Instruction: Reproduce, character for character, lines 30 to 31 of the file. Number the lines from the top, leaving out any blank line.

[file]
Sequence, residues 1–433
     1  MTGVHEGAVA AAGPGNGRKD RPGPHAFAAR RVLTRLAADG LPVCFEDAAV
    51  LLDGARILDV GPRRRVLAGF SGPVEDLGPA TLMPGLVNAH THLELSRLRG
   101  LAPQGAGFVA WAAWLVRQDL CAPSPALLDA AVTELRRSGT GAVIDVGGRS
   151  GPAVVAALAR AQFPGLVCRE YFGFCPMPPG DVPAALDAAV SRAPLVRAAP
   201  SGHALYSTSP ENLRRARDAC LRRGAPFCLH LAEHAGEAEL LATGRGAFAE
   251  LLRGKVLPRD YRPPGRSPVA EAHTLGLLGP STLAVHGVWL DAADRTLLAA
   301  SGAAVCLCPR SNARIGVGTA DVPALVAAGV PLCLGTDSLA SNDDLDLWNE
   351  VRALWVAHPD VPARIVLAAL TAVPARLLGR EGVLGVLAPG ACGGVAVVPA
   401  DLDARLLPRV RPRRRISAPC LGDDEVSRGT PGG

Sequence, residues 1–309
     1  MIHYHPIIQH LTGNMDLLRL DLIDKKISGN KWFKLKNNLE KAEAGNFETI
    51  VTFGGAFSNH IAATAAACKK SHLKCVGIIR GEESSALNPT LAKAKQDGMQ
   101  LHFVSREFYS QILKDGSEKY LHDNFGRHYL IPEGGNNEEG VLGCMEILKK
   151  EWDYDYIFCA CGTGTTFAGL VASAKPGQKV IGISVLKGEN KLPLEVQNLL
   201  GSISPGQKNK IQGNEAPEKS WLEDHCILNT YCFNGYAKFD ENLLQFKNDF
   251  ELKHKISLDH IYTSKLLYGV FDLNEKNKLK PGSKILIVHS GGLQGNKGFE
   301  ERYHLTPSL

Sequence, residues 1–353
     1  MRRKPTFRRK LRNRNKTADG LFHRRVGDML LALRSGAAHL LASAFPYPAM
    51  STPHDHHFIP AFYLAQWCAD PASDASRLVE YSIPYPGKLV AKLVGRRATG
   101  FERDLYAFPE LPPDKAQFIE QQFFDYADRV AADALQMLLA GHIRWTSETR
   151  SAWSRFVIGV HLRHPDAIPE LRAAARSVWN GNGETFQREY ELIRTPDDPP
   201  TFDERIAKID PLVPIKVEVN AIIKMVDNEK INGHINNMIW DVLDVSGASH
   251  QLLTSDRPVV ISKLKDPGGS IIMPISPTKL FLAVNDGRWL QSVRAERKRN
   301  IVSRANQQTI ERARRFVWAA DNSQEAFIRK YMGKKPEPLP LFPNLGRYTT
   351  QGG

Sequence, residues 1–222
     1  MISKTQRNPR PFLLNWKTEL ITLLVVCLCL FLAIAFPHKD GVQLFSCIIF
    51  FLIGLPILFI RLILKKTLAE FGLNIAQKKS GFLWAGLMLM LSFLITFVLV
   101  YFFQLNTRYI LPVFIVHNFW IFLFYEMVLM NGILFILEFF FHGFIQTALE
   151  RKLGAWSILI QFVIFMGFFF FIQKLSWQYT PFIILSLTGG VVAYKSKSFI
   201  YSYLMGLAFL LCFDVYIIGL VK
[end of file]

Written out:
    51  FLIGLPILFI RLILKKTLAE FGLNIAQKKS GFLWAGLMLM LSFLITFVLV
   101  YFFQLNTRYI LPVFIVHNFW IFLFYEMVLM NGILFILEFF FHGFIQTALE